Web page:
Wrong! Sure, driving your own car means that you are in charge of your bathroom stops, but you also have to worry about things like road works, traffic obstacles, queues at the border and bad drivers. When you are a passenger, you can sit back, read a book, have a snooze, and all of these issues become the driver’s problem. Considering all, I would still rather drive, unless having to do the run alone.
It’s amazing how important toilets become on a road trip, and by that I mean GOOD toilets; to most of us, that means Western toilets. Using an Eastern toilet is a skill I have yet to master. Squatting above a wet floor, and trying not to stand in countless previous occupants’ contributions, while your thighs develop an uncontrollable wobble, and your legs threaten to cave in, is not fun. This is probably the only time I envy men, who can (and do) relieve themselves just about anywhere. After two self-drive trips to Penang, I now know which toilets are good, which are barely acceptable, and which to avoid at all costs. I think that a guide book on public bathrooms with a grading system, would be a best seller, even if only bought by women – perhaps I will make this an assignment… any contributions and suggestions welcome.
I always try to see the funny side of difficult situations. Often this is only possible in retrospect. At the time, tears, frustration and despair cloud our vision and positive outlook making it very hard to find a funny side. Take this for example: After eventually arriving at the Thai border around 8:00pm, in a 2-hour bumper-to-bumper queue, an official waved us through. We showed him our passports, that needed stamping, and he was insistent that we drive straight through. Carrying on in the slowly snaking queue of cars, we crossed the no-man’s-land strip and arrived at the immigration booth at the Malaysia border – only to be told that they could not stamp us in to Malaysia, as we never received a stamp exiting Thailand. Just imagine it. The traffic is backed up, it would take two hours to drive the 2km back, and then sit in the traffic again, to enter Malaysia. We asked if we could park the car, and walk back to Thailand, which they allowed us to do – suspiciously monitored by police along the way. My husband’s new bar story is, ‘My wife made me walk to Malaysia and back again!’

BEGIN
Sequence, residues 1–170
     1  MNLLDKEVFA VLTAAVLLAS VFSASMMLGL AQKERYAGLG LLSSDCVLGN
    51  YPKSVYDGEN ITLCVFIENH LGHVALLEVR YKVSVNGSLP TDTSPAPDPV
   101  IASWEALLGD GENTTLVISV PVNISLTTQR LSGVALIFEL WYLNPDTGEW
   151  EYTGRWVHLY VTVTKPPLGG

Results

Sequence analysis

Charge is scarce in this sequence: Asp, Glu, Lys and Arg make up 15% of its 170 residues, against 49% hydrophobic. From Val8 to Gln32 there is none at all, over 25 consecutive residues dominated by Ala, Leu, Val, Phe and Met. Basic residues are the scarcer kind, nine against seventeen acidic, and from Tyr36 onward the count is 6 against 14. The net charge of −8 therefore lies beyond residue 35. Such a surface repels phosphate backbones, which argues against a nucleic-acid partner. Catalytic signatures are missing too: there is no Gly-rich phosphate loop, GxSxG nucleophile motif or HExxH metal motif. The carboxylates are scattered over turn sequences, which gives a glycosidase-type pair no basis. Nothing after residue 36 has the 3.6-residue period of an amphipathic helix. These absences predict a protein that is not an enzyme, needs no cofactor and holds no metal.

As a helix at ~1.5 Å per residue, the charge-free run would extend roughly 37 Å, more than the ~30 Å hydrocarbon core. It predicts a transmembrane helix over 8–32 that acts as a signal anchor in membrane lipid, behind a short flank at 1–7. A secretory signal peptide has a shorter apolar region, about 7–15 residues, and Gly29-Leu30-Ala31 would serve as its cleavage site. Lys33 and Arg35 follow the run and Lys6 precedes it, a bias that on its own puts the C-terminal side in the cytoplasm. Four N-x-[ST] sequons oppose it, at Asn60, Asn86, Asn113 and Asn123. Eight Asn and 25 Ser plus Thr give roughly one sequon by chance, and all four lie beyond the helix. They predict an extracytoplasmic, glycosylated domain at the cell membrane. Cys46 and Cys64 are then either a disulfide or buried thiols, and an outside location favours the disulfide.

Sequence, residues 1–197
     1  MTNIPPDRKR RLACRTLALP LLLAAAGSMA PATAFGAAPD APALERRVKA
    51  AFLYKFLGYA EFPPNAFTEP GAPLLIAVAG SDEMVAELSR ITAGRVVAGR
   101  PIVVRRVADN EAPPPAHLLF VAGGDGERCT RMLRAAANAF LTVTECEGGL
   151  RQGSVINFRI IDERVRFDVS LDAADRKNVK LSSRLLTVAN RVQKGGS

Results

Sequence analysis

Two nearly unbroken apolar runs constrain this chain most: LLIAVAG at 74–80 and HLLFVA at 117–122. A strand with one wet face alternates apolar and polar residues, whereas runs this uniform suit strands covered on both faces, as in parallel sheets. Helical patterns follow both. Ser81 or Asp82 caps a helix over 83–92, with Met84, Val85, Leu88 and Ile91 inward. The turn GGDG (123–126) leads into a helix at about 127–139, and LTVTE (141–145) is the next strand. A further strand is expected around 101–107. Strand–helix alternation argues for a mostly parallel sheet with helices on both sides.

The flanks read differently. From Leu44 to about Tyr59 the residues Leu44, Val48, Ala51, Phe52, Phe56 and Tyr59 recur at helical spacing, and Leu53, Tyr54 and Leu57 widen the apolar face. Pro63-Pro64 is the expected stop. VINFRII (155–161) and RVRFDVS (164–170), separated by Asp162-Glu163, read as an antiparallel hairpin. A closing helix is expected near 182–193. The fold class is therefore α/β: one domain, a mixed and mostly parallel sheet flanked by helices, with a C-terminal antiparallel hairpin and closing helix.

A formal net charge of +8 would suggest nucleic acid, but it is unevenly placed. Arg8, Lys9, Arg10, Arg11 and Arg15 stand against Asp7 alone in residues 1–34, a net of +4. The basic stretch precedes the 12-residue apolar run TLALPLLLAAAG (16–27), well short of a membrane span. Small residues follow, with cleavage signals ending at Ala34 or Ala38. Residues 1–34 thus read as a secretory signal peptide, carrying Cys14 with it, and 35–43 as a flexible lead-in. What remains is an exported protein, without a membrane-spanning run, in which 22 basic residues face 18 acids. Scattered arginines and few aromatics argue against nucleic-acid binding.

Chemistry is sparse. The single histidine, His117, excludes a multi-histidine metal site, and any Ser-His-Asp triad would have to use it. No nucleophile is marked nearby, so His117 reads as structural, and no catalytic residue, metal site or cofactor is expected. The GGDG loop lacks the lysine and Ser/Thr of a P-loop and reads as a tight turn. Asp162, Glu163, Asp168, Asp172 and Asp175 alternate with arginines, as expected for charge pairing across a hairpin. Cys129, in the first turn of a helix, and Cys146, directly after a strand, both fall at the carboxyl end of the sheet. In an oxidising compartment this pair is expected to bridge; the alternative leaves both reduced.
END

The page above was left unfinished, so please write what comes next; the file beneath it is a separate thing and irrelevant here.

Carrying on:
If anyone decides to drive to Malaysia, be warned – there are practically no petrol stations along the highway. Unless you like the challenge of seeing how far you can drive on fumes, fill up before you leave Thailand! Not even the bottle stands of petrol, that we see every 100m in Thailand, exist. It’s amazing how different Malaysia is to Thailand, and it is evident the moment you cross the border. Yes, perhaps there is better infrastructure, but the quaint things that make Thailand so charming disappear. No more dog passengers or entire families on motorbikes, no more children playing football on the side of the road, no more water buffalo, chickens or roadside stands. But it is the people that denote the biggest change, and your reason for smiling when crossing the border back into Thailand. It is easy to see why it is called ‘The Land of Smiles’. It is so good to hear ‘Sawadee ka’ again when you cross over. No more grunts as a greeting, which is all you get if you are lucky, in Malaysia.
So for all the hassles, tears, frustrations and hiccups that go along with a visa run, the warm welcome back into Thailand makes you realize why you settled here for a while, and makes the unbearable trip a little more bearable, in retrospect that is.
© Rosanne Turner